Just as never having been born is tragic, isn’t living for the sake of living and nothing beyond equally tragic? Now I do deeply respect Dawkins’ “immense mental force” that has set the world ablaze with his brand of atheism 101, and I am sure he does accord the same respect to those who choose to see things differently from him. And in this regard, our paths diverged.
You see, I can imagine myself riding on the Dawkins’ stallion and spreading his gospel of godlessness with the fealty of a morning newspaper delivery boy. But I am afraid I would not have the exacting tenacity of a dimunitive jockey to go far with it. In other words, I am afraid to live the insufferable life the way I see it as one that is no different from the stunt that the atheist author Philip Pullman wished he had pulled on CS Lewis. The feisty author so loathed CS Lewis that he once suggested that he was “tempted to dig him up and throw stones at him.”
Honestly, and bearing it all here, I have this peculiar loathing of God (during those crazy times). I somehow share Pullman’s wish. I wish to "dig God up and throw stones at him" (figuratively of course). But the irony that Pullman and I shared is the same irony that Nietzsche had against the object of his ire, Jesus. In our sheer denial, and in our action and passion in pursuit of our rejection of the divine, we betray the one sentiment that undergirds all sentiments. It is the desire to know Him and to understand Him. We turn away from God in order to turn to Him. We disguise curiosity with hatred, masquerade interest with aversion, and hide longing with disgust. This goes beyond the love/hate quibbles of lovers; it is between the Creator and the object of His passion; it is an intimacy of the distant.
I know many out there will be dying to cast stones at me, dead or alive, for putting up such perverted spin on the lifeworks of Pullman and Nietzsche. Their supporters would say that it is so biased, so one-sided, so typical of a cheap parlor polemical trick of a fundamentalist redneck Christian. Although I concede the possibility that I may be guilty of being overpresumptuous, and if so, I apologise for it. However, I will not disavow our repressed craving to capture or be caught by something or someone beyond the daily humdrum of our life.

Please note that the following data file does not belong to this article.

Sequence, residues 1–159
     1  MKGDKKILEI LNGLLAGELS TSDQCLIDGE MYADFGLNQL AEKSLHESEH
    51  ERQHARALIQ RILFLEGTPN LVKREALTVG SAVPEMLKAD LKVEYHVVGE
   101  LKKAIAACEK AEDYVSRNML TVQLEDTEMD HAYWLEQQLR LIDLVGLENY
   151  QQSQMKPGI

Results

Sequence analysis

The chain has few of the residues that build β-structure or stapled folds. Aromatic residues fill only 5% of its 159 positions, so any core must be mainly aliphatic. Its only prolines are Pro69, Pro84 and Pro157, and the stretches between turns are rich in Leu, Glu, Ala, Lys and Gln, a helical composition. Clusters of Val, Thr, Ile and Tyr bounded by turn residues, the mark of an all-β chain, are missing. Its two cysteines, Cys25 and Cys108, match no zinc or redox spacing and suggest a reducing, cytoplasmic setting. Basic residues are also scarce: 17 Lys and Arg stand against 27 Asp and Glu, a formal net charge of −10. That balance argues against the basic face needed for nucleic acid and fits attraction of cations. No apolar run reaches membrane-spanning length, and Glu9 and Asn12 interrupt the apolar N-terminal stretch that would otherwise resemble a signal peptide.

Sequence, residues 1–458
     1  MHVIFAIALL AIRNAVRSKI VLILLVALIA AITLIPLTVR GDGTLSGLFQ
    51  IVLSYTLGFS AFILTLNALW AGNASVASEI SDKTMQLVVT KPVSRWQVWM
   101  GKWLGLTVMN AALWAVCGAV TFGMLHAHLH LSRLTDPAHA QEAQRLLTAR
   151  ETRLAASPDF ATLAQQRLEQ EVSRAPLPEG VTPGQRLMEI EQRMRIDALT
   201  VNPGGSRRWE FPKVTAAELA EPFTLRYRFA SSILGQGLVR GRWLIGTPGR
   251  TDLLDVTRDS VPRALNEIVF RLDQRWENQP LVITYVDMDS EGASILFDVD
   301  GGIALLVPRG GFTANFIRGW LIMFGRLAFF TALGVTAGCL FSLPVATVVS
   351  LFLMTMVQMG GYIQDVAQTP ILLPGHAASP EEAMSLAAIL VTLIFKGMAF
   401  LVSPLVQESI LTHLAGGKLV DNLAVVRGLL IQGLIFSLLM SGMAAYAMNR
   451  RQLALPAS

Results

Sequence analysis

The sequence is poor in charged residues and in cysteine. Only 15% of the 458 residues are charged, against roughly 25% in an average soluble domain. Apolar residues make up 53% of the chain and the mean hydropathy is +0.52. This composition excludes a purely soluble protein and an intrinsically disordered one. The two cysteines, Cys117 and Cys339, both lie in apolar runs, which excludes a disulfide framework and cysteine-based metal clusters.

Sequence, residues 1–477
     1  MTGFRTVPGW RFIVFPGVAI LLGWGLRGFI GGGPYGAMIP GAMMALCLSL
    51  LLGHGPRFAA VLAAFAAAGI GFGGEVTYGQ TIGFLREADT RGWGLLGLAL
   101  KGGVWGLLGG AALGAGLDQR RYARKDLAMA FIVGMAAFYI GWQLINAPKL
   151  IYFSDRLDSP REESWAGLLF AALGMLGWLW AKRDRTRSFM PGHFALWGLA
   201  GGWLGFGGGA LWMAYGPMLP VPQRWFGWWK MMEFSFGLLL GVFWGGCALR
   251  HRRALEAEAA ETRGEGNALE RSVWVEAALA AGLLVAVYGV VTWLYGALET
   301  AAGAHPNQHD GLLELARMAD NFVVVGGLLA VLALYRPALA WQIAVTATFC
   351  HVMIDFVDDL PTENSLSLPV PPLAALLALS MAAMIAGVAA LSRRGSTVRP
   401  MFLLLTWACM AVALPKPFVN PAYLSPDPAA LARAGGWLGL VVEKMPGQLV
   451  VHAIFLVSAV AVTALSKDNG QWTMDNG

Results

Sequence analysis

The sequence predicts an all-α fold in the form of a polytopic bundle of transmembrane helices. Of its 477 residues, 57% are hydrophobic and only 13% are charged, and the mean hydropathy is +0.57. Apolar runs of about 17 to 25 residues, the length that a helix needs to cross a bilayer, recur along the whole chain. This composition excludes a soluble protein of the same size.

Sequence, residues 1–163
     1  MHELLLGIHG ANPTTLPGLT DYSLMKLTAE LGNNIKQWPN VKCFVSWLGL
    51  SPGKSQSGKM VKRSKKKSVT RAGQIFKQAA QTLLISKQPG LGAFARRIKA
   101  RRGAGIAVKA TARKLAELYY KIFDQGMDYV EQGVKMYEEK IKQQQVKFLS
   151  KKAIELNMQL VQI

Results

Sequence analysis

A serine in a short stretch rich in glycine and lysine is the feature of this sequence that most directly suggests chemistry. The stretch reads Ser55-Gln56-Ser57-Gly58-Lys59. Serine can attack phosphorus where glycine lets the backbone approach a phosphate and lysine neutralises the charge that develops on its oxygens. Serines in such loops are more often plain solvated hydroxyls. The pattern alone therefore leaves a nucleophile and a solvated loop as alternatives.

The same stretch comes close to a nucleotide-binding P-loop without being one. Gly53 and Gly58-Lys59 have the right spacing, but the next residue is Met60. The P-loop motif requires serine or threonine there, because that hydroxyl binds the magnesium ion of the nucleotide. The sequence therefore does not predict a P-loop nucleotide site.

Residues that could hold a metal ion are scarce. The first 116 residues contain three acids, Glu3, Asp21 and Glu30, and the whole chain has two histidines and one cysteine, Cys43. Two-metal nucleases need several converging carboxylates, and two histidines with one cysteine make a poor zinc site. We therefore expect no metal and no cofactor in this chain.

As CS Lewis once remarked that nobody is ultimately able to suppress an author who is obstinately pleasurable. In the same way, at the risk of over-reaching notwithstanding, nobody in my view, especially those who professed otherwise, is ultimately able to suppress a divine mystery that is so obstinately pleasurable. In fact, for some like Nietzsche, this pleasure consumed them all their life.
I think at this point it is timely to consider this warning made by Nietzsche’s psychologist and a monist, Paul Carus, “he who rejects truth cuts himself loose from the fountain-head of the waters of life. He may deify selfhood, but his self will die of its own self-apotheosis. His divinity is not a true God-incarnation, it is a mere assumption and self-exaltaion of a pretender.” Inspired by this quote, I see the larger question as this: Have we been living a life of a pretender, straddling between two belief systems, both at loggerheads, helplessly mired in a suspended state of cognitive dissonance, trying desperately to distinguish one and to alienate the other, keeping both separate and apart, but despite all our efforts of uncompromising sincerity, we remain torn between them, unable to fully commit, unable to still the rough waters of indecision, because our allegiance is split between them, worse still, we discovered at the end and to our horror that we have been fighting from the wrong side of the fence? (And mind you, this works both ways).
So, going back to Dawkins’ view of the privilege of living, I quietly admire his dogged determination to wipe religion, in particular institutionalized religion, off the face of this globe. I guess he considers this life mission as one of the sublime pleasures of living. But then, my fear is this: When the mystery of mysteries has finally been eradicated or “solved”, will we then end the parole of living and begin our terminal sentence of what I'd call the insufferable life. Cheerz.